The Seattle Police scanned (spied) 1.6 million license plates in 3 months


If you drive in Seattle, there is a good chance the police department knows where your car has been at least once during the past three months.

Seattle police recorded license plates on 72 percent of Seattle’s streets while searching for stolen cars and chronic parking offenders during an 86-day period this past summer. In all, police made more than 1.6 million scans of more than 600,000 unique plates, according to an analysis of a department database.  

Nearly half of city streets received at least three visits from the license-plate scanners between May 11 and Aug. 5, according to the analysis. 

Citywide, the scans yielded 1,858 stolen cars and illegal parkers.

The analysis provides the first snapshot of the Seattle Police Department’s (SPD) license-plate-scanner program. It has come under scrutiny amid concerns about how much information government agencies collect.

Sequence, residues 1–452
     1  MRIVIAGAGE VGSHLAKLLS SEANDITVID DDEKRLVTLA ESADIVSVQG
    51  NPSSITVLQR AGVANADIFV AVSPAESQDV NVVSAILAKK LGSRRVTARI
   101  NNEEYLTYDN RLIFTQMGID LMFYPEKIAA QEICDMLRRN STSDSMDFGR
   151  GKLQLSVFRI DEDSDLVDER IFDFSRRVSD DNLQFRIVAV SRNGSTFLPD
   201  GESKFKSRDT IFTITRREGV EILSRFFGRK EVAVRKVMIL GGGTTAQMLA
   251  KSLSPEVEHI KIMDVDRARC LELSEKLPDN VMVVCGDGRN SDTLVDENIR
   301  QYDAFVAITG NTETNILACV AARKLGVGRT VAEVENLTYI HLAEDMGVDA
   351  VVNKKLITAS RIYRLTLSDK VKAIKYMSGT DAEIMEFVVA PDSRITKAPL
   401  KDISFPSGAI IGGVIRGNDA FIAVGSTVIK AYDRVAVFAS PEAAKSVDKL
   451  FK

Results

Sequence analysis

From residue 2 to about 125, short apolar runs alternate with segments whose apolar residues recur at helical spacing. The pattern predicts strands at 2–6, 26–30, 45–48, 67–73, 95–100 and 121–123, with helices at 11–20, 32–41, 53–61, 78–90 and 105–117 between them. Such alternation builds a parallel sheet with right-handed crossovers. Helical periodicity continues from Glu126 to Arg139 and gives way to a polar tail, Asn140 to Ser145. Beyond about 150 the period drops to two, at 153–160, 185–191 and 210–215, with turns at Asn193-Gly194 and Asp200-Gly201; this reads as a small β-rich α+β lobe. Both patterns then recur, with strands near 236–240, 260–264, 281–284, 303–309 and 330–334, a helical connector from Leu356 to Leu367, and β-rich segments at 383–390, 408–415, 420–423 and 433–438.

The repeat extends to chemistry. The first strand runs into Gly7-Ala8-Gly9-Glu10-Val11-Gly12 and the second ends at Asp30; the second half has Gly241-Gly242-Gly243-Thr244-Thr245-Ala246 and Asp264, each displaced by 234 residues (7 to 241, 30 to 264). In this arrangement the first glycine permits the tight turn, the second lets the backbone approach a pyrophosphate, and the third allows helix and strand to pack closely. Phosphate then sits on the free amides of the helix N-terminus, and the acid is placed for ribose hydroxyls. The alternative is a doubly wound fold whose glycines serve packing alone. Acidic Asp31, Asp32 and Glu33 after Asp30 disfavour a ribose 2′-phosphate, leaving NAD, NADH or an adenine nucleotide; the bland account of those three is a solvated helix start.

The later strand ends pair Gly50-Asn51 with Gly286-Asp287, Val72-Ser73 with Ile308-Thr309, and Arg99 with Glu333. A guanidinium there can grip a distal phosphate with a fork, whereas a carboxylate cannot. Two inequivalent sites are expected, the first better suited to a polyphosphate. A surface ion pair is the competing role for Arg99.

The program works like this: A dozen police vehicles travel the streets equipped with cameras that automatically scan plates and compare them to lists of stolen cars and people with at least four unpaid parking tickets. If there is a hit, the officer responds. Even if there is not, the record is stored for three months in an SPD database that can be used for future criminal investigations.

Critics, including the American Civil Liberties Union (ACLU), complain that retaining the records on vehicles’ whereabouts could potentially lead to abuse.

To better understand the SPD’s database, The Seattle Times in late July requested a copy of it.

Police agencies in some states have denied those types of requests from reporters.

The numbers show the SPD scanned an average of nearly 19,000 plates per day during the time, including roughly 23,000 on weekdays, 11,000 on Saturdays and 8,000 on Sundays.

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